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Imperfect Union

How Jessie and John Frémont Mapped the West, Invented Celebrity, and Helped Cause the Civil War
Written by: Steve Inskeep
Narrated by: Steve Inskeep
Length: 13 hrs and 48 mins

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Publisher's Summary

Steve Inskeep tells the riveting story of John and Jessie Frémont, the husband and wife team who in the 1800s were instrumental in the westward expansion of the United States, and thus became America's first great political couple.

John C. Frémont, one of the United States' leading explorers of the 19th century, was relatively unknown in 1842, when he commanded the first of his expeditions to the uncharted West. But in only a few years, he was one of the most acclaimed people of the age - known as a wilderness explorer, best-selling writer, gallant army officer, and latter-day conquistador, who in 1846 began the United States' takeover of California from Mexico. He was not even 40 years old when Americans began naming mountains and towns after him. He had perfect timing, exploring the West just as it captured the nation’s attention. But the most important factor in his fame may have been the person who made it all possible: his wife, Jessie Benton Frémont.

Jessie, the daughter of a United States senator who was deeply involved in the West, provided her husband with entrée to the highest levels of government and media, and his career reached new heights only a few months after their elopement. During a time when women were allowed to make few choices for themselves, Jessie - who herself aspired to roles in exploration and politics - threw her skill and passion into promoting her husband. She worked to carefully edit and publicize his accounts of his travels, attracted talented young men to his circle, and lashed out at his enemies. She became her husband’s political adviser, as well as a power player in her own right. In 1856, the famous couple strategized as John became the first-ever presidential nominee of the newly established Republican Party.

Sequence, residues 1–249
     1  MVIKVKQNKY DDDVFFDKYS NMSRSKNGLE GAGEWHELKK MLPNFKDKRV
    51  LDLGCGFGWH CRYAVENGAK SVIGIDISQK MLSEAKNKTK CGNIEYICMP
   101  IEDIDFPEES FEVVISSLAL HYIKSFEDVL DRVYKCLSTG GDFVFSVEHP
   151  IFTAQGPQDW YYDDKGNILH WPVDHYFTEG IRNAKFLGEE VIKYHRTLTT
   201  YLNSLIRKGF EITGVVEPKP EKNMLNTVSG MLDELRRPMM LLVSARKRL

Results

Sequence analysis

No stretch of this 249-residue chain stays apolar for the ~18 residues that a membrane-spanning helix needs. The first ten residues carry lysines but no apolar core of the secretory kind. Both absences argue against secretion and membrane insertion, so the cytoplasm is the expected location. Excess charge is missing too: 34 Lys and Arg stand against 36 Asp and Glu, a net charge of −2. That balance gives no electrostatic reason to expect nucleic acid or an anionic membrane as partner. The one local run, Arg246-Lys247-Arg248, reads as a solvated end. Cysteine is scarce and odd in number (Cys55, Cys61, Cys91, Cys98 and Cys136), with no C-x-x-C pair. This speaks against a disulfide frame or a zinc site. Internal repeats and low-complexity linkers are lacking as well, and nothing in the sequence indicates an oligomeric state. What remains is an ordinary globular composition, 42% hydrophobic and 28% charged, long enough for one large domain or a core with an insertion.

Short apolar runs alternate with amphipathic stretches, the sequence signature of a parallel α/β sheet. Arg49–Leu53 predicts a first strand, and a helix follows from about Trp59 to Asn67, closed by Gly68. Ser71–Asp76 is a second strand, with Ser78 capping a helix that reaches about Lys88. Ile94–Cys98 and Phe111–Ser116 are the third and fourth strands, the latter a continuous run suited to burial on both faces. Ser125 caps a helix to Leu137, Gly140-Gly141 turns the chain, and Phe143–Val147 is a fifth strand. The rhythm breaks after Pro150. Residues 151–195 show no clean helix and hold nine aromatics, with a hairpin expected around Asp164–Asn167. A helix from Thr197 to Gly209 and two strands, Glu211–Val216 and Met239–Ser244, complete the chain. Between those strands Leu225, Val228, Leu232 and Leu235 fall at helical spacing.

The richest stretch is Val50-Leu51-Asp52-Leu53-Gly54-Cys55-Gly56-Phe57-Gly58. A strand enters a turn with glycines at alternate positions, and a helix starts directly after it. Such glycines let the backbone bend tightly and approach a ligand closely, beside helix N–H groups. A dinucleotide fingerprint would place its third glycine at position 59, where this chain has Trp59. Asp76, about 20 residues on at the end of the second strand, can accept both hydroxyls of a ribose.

With rare detail and in consummate style, Steve Inskeep tells the story of a couple whose joint ambitions and talents intertwined with those of the nascent United States itself. Taking advantage of expanding news media, aided by an increasingly literate public, the two linked their names to the three great national movements of the time - westward settlement, women’s rights, and opposition to slavery. Together, John and Jessie Frémont took parts in events that defined the country and gave rise to a new, more global America. Theirs is a surprisingly modern tale of ambition and fame; they lived in a time of social and technological disruption and divisive politics that foreshadowed our own. In Imperfect Union, as Inskeep navigates these deeply transformative years through Jessie and John’s own union, he reveals how the Frémonts’ adventures amount to nothing less than a tour of the early American soul.

©2020 Steve Inskeep (P)2020 Penguin Audio

Critic Reviews